During the days I make myself available for service in the community. That's why I'm here! Right? Digging drainage ditches, laying bricks and mixing cement is Big Karma! Washing those cows could earn me lifetimes of merit!

Ibu reminds me of a German friend I worked with at Esalen in the Garden. "Ve must Vork!"

This is the dictum and the way of life. Service at the Ashram is considered service for humanity. A Spiritual discipline. It's a hands-on sparse lifestyle that provides little opportunity for play. Work is the primary meditation and is pursued as a path.

I wonder if surfing in those awesome Balinese waves could be considered a path.

This is OK for the time being, the load of bricks on my shoulders is not really that heavy. Soon I will be rolling in surf, not a beast of burden. At least I have that freedom.

Ibu tells me of other volunteers that visit and do not stay long. They often come, wanting an easy stay at an Ashram. You know, harmony, peace and meditation. That sort of thing. Full of idealism and fantasies, and not prepared for the reality. The labor is too strenuous.

The boys have another agenda. They work as a group, taking turns with the heavy labor. While two may be actually laboring, four are idly sitting by, joking and laughing. They take turns and advise me not to work too fast. Everything is accomplished at its own pace.

Of course when Ibu comes walking around the corner, all are suddenly sweating and actively engaged in hard labor!

Talking with the boys while digging a ditch, I learn that many of the forty residents are young, between ten to twenty-five years old. They come from broken homes. Many are orphans who ended up at the Ashram from all over Indonesia.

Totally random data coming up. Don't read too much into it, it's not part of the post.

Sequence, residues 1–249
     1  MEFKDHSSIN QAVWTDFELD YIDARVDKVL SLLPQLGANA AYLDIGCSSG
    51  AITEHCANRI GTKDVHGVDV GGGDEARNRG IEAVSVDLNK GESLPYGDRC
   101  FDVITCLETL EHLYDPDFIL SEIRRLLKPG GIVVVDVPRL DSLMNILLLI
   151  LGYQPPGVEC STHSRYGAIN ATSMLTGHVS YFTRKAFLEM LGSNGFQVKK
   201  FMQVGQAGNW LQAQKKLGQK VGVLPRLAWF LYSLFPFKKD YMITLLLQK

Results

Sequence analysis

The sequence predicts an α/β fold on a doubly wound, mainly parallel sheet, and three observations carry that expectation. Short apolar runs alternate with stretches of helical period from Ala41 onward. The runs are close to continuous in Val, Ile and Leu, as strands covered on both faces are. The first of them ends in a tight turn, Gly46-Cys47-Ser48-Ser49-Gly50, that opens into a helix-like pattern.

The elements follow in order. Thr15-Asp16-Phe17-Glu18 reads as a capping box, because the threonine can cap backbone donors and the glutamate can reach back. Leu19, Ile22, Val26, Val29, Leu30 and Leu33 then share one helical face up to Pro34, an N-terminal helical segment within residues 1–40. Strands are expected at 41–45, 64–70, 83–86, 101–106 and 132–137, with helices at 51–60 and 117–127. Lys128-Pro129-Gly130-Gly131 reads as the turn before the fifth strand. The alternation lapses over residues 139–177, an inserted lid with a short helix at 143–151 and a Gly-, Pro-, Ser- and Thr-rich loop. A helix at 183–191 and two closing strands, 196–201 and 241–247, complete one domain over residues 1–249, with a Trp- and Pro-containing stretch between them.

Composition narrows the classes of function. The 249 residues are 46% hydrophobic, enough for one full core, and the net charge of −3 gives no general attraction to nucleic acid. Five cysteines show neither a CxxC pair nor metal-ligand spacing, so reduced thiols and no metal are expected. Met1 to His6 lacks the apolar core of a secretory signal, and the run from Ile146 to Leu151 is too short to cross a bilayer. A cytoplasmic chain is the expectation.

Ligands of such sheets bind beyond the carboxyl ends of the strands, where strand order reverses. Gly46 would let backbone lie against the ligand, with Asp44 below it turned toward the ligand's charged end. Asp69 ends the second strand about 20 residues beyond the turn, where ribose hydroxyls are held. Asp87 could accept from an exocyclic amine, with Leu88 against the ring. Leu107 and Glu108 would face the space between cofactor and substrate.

These guys tell me how they are learning skills: carpentry, farming, building. Also getting some formal education. As long as they are willing to contribute, they are provided for. They are enthusiastic about living here. It is clearly an opportunity for them, even with all the rules and regulations. They have found a home!

At least as long as they are willing to wash those cows!

Ibu founded the Ashram in the mid-seventies, and has nurtured its growth through the ensuing years. It is a vision and a reflection of her life. Bright, intelligent and quick, she is well versed in the political and social world.

Most here relate that she is personally well-off financially. Her family owns this land and much more as well. At one time, a university teacher, she now prefers to live in austerity.

We spend time in conversation after meals. Her stories fascinating, her opinions clearly stated, if not with a hint of aloofness. Claiming aversion and disinterest in 'party politics', she feels that immersion in the spiritual life also dictates a certain level of political activity for social change.

She recounts tales of her relationship with the founders and leaders of Indonesia, and especially likes to remember her involvement and heated arguments with Sukarno, the first President.

Although never meeting the Mahatma, on Mohandas Gandhi she talks for hours. A dedicated follower. Her discourses are filled with philosophical, spiritual and political history and direct quotes from her guru. For some, she may appear stark and extreme. She 'walks her talk'.

After all this I need a break, this spiritual life at the Ashram is exhausting. I need to renew myself with more relaxing diversions.

I am headed back to Denpasar, then on to Singapore to renew a visa. I'll be back in Bali soon, and while slurping coconut juices down by the water will reflect on these lessons in spiritual service I've learned from this teacher, Ibu Oka, in Candi Dasa.


Copyright 1994 Steven Gilman